We’ve had our hands full for the last year and one of the big events was breaking the buck out of Calypso!
Calypso is an affectionate, personable and willing horse. For a horse some of these traits can be a downfall when training comes into play. Horses shouldn’t be taught to show their affection with bodily contact with humans. It’s just dangerous. 1,000 lbs vs 150 lbs is not a good match! It can also gain sympathy from the rider. Discouraging the rider to ask the horse to do something it doesn’t feel like doing.
Calypso had a bit of both inappropriate affection and sympathetic riders. On top of that I had 3 other horses, children, a home and a career to tend to. Calypso was left to the kids. I would explain what they needed to work on with her and they were supposed to implement it, but it didn’t exactly work out that way.
So, Calypso developed a habit of bucking when she didn’t want to do something. I’m not sure, but I can put a pretty good guess on it that when she bucked, they got off and put her away, never mentioning it to me. But that’s just my guess.
Along with the bucking she would invade the handlers space. Kicking your foot as you are leading her somewhere, bumping your shoulder as you’re leading her, standing ON you when your trying to groom her!
Here we have Calypso, she’s pushing 5 years old. Once you’ve brought her out of her paddock, lead her (while kicking your heels with her hoof) to the hitching station, saddle her and make your way to the arena, you had to contend with her lack of desire to exercise.
She swings her head back and forth when asked to trot, this is promptly followed by bucking. Forget about loping! If we are lounging her and you are able to push her into a lope, she takes off like a shot! If she doesn’t rip the lounge line out of your hand, then you are spinning round and round as she runs as fast as she can around you! I have my theories about what caused all this as well, but it is what it is, so let’s get this wagon train rolling in the right direction!
I can’t ride anymore myself. If I hit the saddle the wrong way it could be my last ride, walk and anything else requiring bi-pedal work. I had seriously considered selling my last two horses. But my youngest daughter has shown an interest in Calypso. She really wanted to take on the task of straightening this horse out. I warned her, “It’s going to take a LOT of your time and ALL of our patience. Once you start, and I’m helping you, I don’t want to hear that your tired or you give up. If you’re going to do this, then we’re gonna get it done, OK?’ To my surprise, she was still standing there eagerly waiting my decision, so I agreed to let her.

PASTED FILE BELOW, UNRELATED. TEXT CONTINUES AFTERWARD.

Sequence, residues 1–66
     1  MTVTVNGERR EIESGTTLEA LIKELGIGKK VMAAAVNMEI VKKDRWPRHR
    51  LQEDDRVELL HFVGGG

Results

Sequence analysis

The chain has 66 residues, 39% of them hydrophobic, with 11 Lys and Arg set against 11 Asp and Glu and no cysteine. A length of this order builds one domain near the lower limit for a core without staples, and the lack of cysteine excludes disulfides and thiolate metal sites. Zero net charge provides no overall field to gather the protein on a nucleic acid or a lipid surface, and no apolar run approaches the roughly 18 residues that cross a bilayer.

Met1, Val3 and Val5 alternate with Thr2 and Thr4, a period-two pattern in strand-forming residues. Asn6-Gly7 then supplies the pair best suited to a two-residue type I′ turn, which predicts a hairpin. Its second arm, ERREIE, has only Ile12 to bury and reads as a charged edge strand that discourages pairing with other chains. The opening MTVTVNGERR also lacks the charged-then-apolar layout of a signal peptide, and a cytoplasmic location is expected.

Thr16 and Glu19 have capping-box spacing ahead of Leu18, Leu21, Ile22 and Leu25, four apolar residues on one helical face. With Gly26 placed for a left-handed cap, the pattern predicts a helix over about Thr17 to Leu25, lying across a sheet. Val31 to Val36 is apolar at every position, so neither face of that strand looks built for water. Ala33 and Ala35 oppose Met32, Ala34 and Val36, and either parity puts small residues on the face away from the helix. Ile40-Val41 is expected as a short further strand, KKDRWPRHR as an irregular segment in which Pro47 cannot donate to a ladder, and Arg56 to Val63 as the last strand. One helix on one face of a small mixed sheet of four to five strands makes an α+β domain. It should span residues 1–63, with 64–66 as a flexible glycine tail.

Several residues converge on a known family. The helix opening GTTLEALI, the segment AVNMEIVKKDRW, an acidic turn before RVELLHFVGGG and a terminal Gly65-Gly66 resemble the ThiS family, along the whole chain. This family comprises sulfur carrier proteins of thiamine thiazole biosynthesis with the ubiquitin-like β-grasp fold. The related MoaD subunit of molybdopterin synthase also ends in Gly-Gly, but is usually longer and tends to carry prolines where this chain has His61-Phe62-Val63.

We made some ground rules:
- 1st and foremost! She must listen and implement what I say to her.
- She is not to ride unless I am there.
- If she becomes frustrated she is to hand the horse over to me and I’ll put her away (I might throw in some reining or side passing practice from the ground on the way back to pasture 🙂 ).
- Last, but, of course, not least, she must work with the horse everyday unless she has a very, very, very good excuse why she can’t.
Okay, we have an agreement, we have a horse, and training (rather re-training) began.
For the first several weeks, Calypso would not be ridden at all. I explained we are taking her back to square one. I said pretend she’s only halter broke. You have to teach her everything, the correct way.
- 1st week – We practiced having Calypso come to us when she is called by collecting her from the farthest gate from her (So she would have to come a good distance to get to us). Calypso being the horse that thinks she’s a human has.always come when she is called very enthusiastically. But we are starting from square one, and that would be included in square one.
- Calypso was not leading well after we haltered her and lead her. She was unsure, walked “wiggly” like she wasn’t sure where she was going. Then she would stop and need encouraging to continue walking. She actually reared up a couple of times when she didn’t want to go a certain way. Myself or Michelle began leading her around everyday, sometimes twice a day, just walking around, stopping, walking again, standing, staying off of feet, not kicking heels, just walk, walk, and walk some more.
- 2nd week – Continued with the walk nicely lesson. Calypso was still stepping or kicking the back of my daughters foot as soon as she looked forward. She had to keep dodging the horses front hooves. I showed her how to position her elbow so Calypso would be punishing herself if she tried to kick her foot, she’d have an elbow in her neck. Do not ever believe that a horse doesn’t know where their hoof is. They know EXACTLY where it is all the time! Have you ever sat and watched horses IE: mares, with their foals? Those mares never step on their baby. The foal lays out on the grass with all those mares around them and not one hoof steps on them. They know exactly where their hooves are.
- 3rd week – Continued walking her on the property and in the arena, on a lead line, to practice leading nicely, respect our space as the human and go where I want you to go without hesitation.
- 4th week – Started lounging without a line. Just asking her to walk around the arena and trot as well. That was pretty crazy. Calypso has a lot of energy she doesn’t know what to do with, but I do!
- 5th week – After walking nicely to the arena and into the center, worked on backing up and turning her head with a slight pull on the lead. Then let her out to lounge and when she started running around bazooko I had her push her and keep her loping, stepping in with her shoulder first to tell Calypso to turn and run the other way. When Calypso started licking and then lower her head the pressure was stopped and just a walk and trot was resumed.
I’ll cut it short for today. I’ll be back tomorrow to resume with week 6. Goodnight!